Octopus Inky Escapes From Aquarium In An Impossible Way

Octopus Inky escapes from New Zealand National Aquarium in an impossible way. He escapes by removing the lid of his tank, crawling across the floor, squeezing himself into a narrow pipe, and escaping into the ocean. Rob Yarrell, national manager of the National Aquarium of New Zealand in Napier, said: “Octopuses are famous escape artists. But Inky really tested the waters here. I don’t think he was unhappy with us, or lonely, as octopuses are solitary creatures. But he is such a curious boy. He would want to know what’s happening on the outside. That’s just his personality.”

‘Octopuses are famous escape artists’

Octopus Inky
Image credit: National Aquarium of New Zealand

When Inky’s disappearance was discovered, Yarrell and his team were able to figure out his escape route by following the wet trail he left behind. Apparently, Inky had managed to move the lid of his enclosure, slid three or four meters across the aquarium floor and then, sensing freedom was close, into a 50-meter-long (165 ft) drainpipe leading directly into the sea.

An annotated photo series showing how Inky escaped from his tank and into the sea through a drainpipe

Octopus Inky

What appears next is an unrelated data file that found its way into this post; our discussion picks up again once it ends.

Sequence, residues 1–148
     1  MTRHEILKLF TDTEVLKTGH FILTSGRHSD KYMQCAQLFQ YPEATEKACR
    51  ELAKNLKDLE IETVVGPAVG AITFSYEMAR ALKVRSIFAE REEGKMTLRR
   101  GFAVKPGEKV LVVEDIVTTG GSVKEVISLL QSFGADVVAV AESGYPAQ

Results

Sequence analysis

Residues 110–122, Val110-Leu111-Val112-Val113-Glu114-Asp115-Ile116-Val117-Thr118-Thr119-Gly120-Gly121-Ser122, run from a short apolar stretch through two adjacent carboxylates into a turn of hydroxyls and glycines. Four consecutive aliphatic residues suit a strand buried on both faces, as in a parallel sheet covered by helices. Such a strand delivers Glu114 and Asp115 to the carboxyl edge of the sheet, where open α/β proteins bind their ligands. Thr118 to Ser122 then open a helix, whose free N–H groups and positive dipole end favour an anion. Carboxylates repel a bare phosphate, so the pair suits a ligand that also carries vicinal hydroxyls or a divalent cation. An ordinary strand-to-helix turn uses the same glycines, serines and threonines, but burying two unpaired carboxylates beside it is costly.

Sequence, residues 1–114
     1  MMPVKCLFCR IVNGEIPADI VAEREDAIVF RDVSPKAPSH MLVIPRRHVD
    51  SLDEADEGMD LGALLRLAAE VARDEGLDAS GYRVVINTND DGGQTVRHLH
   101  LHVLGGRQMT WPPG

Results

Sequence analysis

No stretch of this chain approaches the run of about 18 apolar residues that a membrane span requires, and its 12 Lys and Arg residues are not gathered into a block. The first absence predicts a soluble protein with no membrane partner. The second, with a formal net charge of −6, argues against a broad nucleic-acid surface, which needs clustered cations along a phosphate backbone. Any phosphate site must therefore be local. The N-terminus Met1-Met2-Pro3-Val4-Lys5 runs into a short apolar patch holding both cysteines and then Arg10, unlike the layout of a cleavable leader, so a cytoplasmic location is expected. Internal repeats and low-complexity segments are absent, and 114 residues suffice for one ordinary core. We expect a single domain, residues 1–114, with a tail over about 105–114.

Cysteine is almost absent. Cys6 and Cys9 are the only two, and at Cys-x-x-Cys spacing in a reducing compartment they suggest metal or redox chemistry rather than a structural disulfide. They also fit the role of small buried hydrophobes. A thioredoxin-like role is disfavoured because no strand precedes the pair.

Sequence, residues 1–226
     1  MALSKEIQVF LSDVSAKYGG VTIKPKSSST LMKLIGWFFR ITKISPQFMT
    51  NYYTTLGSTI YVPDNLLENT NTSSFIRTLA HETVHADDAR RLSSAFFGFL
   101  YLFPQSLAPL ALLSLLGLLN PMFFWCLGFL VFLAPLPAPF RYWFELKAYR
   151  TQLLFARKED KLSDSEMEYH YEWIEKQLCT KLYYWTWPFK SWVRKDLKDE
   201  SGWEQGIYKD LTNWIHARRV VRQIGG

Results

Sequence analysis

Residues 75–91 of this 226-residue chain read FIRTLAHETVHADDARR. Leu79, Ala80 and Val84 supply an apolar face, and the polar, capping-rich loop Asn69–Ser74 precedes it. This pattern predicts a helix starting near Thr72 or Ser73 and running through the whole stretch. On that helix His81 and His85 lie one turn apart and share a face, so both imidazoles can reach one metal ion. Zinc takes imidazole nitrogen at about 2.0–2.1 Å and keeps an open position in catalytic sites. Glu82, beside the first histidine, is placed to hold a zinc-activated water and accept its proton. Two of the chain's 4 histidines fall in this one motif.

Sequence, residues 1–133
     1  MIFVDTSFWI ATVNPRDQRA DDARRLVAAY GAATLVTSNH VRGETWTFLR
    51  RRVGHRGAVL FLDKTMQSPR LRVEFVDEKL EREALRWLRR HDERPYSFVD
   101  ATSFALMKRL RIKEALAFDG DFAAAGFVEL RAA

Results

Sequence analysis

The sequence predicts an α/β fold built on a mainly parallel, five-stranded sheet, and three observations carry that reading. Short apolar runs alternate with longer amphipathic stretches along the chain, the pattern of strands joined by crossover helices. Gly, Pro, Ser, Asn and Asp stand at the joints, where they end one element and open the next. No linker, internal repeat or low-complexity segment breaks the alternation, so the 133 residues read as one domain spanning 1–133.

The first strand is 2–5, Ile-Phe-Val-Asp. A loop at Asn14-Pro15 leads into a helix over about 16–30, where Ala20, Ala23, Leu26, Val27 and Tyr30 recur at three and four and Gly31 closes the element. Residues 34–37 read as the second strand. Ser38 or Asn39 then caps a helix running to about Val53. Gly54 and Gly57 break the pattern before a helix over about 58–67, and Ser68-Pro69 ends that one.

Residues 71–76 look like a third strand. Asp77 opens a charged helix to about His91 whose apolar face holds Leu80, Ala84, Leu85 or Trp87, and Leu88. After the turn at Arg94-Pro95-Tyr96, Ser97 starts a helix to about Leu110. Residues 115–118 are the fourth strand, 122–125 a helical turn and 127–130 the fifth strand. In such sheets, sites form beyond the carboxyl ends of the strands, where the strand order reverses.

Photo: National Aquarium, New Zealand

“When we came in the next morning and his tank was empty, I was really surprised,” said Yarrell, who added they had not launched a search for Inky. ”The staff and I have been pretty sad. But then, this is Inky, and he’s always been a bit of a surprise octopus.”

Octopuses are able to fit into extremely small spaces, they have no bones

The video above shows how an octopus might be able to fit into extremely small spaces.

They are also known to be extremely intelligent and capable of using tools. And Inky was an “unusually intelligent” octopus, according to Yarrell.

“None of this is surprising or atypical of octopus behavior,” James Wood, a marine biologist, said of Inky’s successful breakout. “Octopuses are amazing animals, they’re very intelligent.”

Wood has known octopuses that have broken out of sealed observation containers and closed aquariums. He said an octopus in Bermuda escaped multiple times to eat the inhabitants of nearby aquariums.

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National manager of the National Aquarium of New Zealand Rob Yarrell says ‘You never know, there’s always a chance Inky could come home to us’